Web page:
Power of Print

John Michael Cooper Captures Other Photographers and Their Families for Special Print Project

February 12, 2018

By Jacqueline Tobin

All Photos © John Michael Cooper Photography

Photographer Jan Simonelli with four generations of her family, shot by Cooper at Sunset Cliffs in San Diego.

John Michael Cooper should be exhausted after three rounds of traipsing across the country capturing portraits of other photographers and their families, but if he is, he certainly isn’t admitting it.

Cooper’s “Roadside Families” project began to take shape in Tampa, Florida, in 2008, when photographer and WPPI print comp chair David Anthony Williams was passionately speaking at a DWF convention on the importance of the family portrait and the power of having tangible products of those images to preserve special memories.

“David is a second generation photographer and he showed a photo of him and his mom during his talk, but he didn’t have a complete family portrait that included his dad,” Cooper explains. That prompted Cooper and his wife, Dalisa, to set out and find other photographers who don’t have their own complete family portraits either.

Photographer and SEO guru Rob Greer outside his home in Pasadena, California, with his dog and Darth Vader.

“Roadside Families is a ‘pay it forward’ project,” Cooper says. “We will photograph a photographer’s family and give them a physical print that is ready to hang on their wall at no cost to them.” In turn, photographers are then asked to photograph another photographer’s family willing to also pay it forward, provide a physical print for their wall and commit to doing a couple of hours of volunteer work, community service or to donate their service to a worthwhile cause.

Photographer Steph Mills, husband Brian and son Emmet in Cranston, Rhode Island.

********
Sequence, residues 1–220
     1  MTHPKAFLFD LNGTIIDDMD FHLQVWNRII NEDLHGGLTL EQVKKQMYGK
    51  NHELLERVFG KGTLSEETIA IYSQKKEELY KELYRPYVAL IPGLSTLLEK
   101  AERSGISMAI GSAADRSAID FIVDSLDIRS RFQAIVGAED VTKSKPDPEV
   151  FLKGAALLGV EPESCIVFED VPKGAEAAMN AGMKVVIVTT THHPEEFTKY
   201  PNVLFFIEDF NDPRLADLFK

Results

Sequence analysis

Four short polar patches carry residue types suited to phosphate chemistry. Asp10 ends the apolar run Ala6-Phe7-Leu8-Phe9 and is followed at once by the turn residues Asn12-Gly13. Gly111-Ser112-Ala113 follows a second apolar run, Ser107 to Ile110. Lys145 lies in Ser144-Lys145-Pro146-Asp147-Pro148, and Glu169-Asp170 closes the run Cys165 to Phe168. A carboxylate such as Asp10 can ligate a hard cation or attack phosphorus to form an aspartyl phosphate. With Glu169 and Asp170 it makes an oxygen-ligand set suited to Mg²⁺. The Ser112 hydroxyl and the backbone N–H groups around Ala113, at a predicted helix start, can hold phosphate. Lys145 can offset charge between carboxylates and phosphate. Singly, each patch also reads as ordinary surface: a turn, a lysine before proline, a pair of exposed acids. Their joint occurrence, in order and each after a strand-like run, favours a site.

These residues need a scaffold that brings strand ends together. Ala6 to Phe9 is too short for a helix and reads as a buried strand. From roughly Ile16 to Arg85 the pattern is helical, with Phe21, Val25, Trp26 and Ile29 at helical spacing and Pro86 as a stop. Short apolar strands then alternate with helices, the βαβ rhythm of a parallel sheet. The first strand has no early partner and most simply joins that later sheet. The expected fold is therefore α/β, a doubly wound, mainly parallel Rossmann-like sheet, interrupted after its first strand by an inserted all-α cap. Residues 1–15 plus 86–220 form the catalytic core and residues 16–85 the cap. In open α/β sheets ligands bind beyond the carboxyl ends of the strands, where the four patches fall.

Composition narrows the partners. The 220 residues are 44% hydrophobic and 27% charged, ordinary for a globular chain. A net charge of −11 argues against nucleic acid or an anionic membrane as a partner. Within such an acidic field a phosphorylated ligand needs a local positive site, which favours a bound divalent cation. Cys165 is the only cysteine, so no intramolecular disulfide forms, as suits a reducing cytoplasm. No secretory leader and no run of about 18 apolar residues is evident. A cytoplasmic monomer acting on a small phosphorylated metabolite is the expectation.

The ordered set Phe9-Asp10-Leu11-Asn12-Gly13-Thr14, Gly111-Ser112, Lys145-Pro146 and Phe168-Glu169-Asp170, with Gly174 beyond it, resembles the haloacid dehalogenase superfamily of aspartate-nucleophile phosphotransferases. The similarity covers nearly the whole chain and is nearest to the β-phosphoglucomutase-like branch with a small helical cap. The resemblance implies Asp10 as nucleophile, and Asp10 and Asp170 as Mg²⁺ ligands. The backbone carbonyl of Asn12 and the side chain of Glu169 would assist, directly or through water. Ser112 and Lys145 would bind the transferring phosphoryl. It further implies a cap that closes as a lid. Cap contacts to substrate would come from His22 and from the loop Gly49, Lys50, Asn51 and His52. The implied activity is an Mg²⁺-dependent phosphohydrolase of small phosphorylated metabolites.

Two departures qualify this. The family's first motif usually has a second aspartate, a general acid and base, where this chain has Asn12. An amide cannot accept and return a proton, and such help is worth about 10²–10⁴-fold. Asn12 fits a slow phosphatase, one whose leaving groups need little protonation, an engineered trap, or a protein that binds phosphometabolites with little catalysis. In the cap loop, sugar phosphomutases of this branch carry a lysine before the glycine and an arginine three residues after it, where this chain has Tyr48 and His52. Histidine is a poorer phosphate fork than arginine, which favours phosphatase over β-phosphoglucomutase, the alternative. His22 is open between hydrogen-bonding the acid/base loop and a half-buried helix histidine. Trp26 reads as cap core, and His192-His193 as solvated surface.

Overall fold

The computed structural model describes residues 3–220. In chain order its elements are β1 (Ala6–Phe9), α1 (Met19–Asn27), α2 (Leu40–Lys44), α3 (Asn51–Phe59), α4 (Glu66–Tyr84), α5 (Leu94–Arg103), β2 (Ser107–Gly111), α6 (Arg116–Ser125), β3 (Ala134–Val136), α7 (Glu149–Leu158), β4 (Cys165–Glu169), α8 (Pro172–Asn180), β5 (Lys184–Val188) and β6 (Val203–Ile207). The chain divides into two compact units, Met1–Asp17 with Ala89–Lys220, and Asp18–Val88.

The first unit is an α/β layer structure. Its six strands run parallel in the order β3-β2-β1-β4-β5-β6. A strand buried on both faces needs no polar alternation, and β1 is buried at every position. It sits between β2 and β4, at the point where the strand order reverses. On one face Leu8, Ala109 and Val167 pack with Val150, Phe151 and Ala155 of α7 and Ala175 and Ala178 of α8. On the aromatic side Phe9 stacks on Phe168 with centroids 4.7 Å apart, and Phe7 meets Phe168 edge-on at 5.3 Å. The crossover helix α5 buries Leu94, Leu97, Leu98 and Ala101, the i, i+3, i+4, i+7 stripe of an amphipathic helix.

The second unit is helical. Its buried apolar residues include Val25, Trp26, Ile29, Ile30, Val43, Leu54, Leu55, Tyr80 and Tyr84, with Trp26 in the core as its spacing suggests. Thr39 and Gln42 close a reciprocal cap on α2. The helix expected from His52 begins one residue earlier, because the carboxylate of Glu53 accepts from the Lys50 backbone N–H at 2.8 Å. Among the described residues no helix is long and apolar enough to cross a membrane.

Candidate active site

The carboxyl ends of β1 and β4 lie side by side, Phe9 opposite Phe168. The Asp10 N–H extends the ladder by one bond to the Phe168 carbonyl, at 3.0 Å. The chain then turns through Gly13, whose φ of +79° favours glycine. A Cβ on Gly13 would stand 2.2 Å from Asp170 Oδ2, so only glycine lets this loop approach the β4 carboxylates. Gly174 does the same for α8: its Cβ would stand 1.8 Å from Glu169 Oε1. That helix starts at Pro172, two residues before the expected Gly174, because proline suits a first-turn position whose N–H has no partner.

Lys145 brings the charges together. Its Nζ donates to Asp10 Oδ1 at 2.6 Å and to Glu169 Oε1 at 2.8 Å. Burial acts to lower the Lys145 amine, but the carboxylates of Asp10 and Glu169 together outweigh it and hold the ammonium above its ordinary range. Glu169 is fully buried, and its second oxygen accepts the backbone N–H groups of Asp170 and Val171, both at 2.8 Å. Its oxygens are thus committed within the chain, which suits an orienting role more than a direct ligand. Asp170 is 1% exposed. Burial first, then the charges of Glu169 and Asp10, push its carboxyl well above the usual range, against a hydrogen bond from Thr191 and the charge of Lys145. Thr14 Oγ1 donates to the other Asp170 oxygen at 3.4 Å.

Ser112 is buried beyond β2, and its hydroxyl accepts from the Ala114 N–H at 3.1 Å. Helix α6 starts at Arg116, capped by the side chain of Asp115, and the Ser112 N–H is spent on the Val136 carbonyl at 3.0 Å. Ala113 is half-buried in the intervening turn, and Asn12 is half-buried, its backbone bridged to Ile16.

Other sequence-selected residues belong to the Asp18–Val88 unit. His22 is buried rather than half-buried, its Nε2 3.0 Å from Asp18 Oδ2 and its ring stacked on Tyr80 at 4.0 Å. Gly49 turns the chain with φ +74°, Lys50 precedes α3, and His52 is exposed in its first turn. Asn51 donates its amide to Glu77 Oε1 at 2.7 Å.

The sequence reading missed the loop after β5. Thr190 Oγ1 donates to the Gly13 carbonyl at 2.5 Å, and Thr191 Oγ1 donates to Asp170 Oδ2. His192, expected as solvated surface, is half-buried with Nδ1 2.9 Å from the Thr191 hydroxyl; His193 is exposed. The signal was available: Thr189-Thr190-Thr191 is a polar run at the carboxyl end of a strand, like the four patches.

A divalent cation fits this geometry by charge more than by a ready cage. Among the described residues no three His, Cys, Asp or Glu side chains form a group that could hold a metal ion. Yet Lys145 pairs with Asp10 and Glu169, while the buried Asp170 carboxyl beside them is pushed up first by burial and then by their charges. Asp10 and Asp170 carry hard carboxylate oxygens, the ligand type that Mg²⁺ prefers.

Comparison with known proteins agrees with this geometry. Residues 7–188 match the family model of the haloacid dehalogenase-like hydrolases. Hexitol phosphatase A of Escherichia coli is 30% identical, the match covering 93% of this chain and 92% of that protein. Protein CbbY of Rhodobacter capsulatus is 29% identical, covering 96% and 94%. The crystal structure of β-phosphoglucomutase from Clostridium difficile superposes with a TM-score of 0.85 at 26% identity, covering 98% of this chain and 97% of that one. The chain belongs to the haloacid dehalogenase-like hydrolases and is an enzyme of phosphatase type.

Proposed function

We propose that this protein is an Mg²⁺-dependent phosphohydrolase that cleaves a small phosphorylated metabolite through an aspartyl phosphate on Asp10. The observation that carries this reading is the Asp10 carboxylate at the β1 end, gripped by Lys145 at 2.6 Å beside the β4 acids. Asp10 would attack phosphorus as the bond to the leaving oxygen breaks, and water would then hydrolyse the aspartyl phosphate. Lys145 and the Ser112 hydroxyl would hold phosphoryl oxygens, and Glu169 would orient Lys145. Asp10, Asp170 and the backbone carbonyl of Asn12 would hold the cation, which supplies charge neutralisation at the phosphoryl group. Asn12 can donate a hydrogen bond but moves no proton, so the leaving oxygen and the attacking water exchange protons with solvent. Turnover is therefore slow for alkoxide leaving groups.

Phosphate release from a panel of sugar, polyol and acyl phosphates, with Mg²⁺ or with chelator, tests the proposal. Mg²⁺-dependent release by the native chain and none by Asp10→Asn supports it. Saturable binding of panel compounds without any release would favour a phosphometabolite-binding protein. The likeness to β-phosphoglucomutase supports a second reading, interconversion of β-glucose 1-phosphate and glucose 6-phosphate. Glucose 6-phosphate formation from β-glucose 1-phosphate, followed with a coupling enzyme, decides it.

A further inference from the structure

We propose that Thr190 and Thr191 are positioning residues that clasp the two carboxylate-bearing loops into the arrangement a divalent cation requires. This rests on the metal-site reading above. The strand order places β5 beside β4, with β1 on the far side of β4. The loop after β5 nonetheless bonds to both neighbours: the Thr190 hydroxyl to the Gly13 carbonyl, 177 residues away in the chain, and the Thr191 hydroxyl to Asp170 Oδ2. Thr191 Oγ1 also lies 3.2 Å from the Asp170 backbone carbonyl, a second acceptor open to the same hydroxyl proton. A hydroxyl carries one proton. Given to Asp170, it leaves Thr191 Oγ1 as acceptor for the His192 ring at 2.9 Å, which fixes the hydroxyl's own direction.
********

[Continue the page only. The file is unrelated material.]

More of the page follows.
While on a nine-city speaking and workshop tour in 2008 from Las Vegas to Boston and back, Cooper and Dalisa photographed 37 families who had either never had a family portrait taken or hadn’t had one done in a very long time. Round two took place in 2011, when the duo went from North Carolina to New York, back down through Kansas and then up through California—and photographed 56 families. “Truly American,” Cooper says of the experience. In 2017, they shot 114 families in three trips across the country, driving 20,000 miles. Some portraits were shot against the side of an RV against a white background; others were finished as environmental scenes taken in 5 to 15 frames each, with the final images done as composites. Some images in the series may look instantly familiar to WPPI showgoers, like those of former WPPI director Jason Groupp and his family, current print comp directors Jerry Ghionis and wife Melissa, photographer Jen Hillenga and SEO guru and wedding photographer/WPPI speaker Rob Greer.

“It was a huge endeavor but fortunately my wife took care of all the logistics to see who was willing to participate,” Cooper says. Also helpful in moving things along was the involvement of Cooper’s main sponsor, Simply Color Lab, along with sponsorship from Finao and Lavalu.

Photographer and educator Jen Hillenga on the streets of Brooklyn with her dog.

Early on, Simply Color founder and CEO Adam Fried committed to giving a ready-to-hang print to each subject’s family, “which made it so easy for the photographers getting the prints to not procrastinate in hanging it on a wall and memorializing their family portrait,” Cooper says. “In 2008, they gave subjects canvas prints, in 2011 a framed print, and for 2017 a Heritage wood print. You simply put a nail in it and hang it on a wall.” And when Fried was getting married, Cooper veered off his Roadside Families route a bit in order to shoot the wedding. “A bridal portrait is a first family photo, so I was thrilled to be able to give Adam his first family portrait.” To see the complete project, visit roadsidefamilies.org.

Lavalu owner Mike Connell with photographer/wife Mindy Sonshine and family.

The Nostalgic Shoot

“My point for the Roadside Families series is that I want people to look dated and I want them to age fast,” says Cooper.

Here are the do’s and don’ts he tells families to make that happen.

• Do dress the way you do in real life.
• Don’t have everyone dress in like or similar colors.
• Don’t tell your kids how to dress.
• Do bring a personal item to reflect what you’re doing or what’s important to you at that time in your life.

Related: Staying Together: Creating Impossible Family Portraits

Finessing the Fine Art of Family Photography, Above the Herds of Hobbyists

Can Objects Depict Family Members? A Conceptual Spin on Portraiture